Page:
Social and online content that helps, rather than sells, is the best way to win the hearts and minds of consumers. Especially in modern business, when there is huge competition for attention, how you build your business in terms of trust and consumer confidence matters.
Jay Baer is a New York Times bestseller, marketing consultant and the second-most retweeted person by B2B marketers. In a nifty little podcast, he explained the difference between the two social media marketing approaches, and here is my summation:
Utility, or as Jay coined it "youtility," is key. If you want your brand to stand out, provide tools or content that helps your consumer make educated decisions or access crucial information. The target audience should find some use or benefit in your offering, whether or not its directly related to your product or service. The preference for your useful content can drive the consumer toward a preference for your brand.
According to Jay, brands tend to shy away from providing an adequate level of helpful marketing for free for fear of losing proprietary stock or competitors imitating content. However, withholding your "secret for success" is working actually against you. There are no secrets, and if you don't provide helpful content for your consumers, someone else will. Just because you have all the ingredients and a recipe, doesn't make you a chef. Finesse and focus make all the difference. Successful brands hone in on a niche audience or content type/style and give away all they know bit by bit.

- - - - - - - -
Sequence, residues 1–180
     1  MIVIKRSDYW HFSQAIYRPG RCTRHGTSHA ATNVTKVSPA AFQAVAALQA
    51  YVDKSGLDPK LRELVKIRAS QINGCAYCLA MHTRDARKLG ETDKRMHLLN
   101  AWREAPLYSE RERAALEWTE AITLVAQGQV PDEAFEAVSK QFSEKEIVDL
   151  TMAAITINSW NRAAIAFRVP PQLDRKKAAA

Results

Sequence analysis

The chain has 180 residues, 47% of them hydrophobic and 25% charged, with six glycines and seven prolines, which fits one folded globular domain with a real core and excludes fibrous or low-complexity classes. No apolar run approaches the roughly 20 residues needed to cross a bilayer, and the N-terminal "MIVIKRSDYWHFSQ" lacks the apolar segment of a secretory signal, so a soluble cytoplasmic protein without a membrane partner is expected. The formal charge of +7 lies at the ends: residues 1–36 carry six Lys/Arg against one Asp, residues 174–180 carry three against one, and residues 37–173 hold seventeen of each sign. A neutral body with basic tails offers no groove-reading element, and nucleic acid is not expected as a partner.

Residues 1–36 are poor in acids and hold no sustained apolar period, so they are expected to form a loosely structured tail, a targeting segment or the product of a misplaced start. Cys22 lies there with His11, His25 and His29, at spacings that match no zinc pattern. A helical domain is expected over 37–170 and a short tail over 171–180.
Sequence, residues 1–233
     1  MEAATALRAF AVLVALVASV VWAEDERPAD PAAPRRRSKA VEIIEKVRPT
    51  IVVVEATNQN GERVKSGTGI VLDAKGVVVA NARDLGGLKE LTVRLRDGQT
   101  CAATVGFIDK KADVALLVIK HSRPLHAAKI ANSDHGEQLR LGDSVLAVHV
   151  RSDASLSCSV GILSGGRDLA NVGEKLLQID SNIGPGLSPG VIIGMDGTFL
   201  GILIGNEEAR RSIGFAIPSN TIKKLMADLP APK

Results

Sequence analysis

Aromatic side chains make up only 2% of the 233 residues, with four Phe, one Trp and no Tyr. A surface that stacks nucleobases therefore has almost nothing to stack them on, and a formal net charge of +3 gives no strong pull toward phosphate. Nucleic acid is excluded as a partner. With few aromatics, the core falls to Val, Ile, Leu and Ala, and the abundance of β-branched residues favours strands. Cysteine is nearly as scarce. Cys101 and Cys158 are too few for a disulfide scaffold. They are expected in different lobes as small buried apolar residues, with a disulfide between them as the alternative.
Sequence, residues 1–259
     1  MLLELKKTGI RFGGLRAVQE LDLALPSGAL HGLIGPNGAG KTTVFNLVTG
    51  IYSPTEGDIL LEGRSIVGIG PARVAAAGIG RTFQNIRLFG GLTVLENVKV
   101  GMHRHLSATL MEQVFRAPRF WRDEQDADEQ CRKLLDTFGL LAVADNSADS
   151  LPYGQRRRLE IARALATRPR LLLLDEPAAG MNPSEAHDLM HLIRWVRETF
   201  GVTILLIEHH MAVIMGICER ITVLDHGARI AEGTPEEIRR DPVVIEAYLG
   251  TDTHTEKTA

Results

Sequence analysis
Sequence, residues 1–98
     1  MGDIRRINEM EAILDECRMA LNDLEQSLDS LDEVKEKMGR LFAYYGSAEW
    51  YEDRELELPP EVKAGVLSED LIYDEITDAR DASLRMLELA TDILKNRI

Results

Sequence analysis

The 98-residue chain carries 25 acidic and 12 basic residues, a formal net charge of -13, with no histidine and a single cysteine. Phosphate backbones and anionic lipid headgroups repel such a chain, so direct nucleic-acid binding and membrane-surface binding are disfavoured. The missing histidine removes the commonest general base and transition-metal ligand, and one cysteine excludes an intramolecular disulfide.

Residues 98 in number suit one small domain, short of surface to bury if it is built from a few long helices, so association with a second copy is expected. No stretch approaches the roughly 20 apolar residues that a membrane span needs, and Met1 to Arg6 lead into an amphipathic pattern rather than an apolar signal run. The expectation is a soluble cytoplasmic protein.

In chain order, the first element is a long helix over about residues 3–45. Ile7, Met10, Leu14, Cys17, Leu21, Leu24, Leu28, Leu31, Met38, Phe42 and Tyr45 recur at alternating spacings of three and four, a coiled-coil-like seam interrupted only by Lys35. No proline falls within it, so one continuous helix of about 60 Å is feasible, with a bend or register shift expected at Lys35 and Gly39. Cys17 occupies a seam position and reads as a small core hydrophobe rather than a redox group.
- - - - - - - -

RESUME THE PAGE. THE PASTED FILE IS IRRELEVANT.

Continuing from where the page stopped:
Helpful content also facilitates trust between brand and consumer. Brands that capitalize on help-centric marketing are confident in their own thought leadership and are comfortable when other people begin to advocate for and tell the brand story; a hallmark of a thoughtful and mutually beneficial relationship.
On the other end of the spectrum, hype marketing is essentially tooting your own horn. It's the intent to sell without any depth, youtility or consideration of the end-user. Hype casts a wide, overly-optimistice net and lacks focus; a marketing interaction that consumers tolerate, at best.
Jobseekers, apply Jay's thoughts on helpful marketing to yourself and your job search. Don't just tell 'em, show 'em.
Jason Swenk featuring Jay Baer article here.
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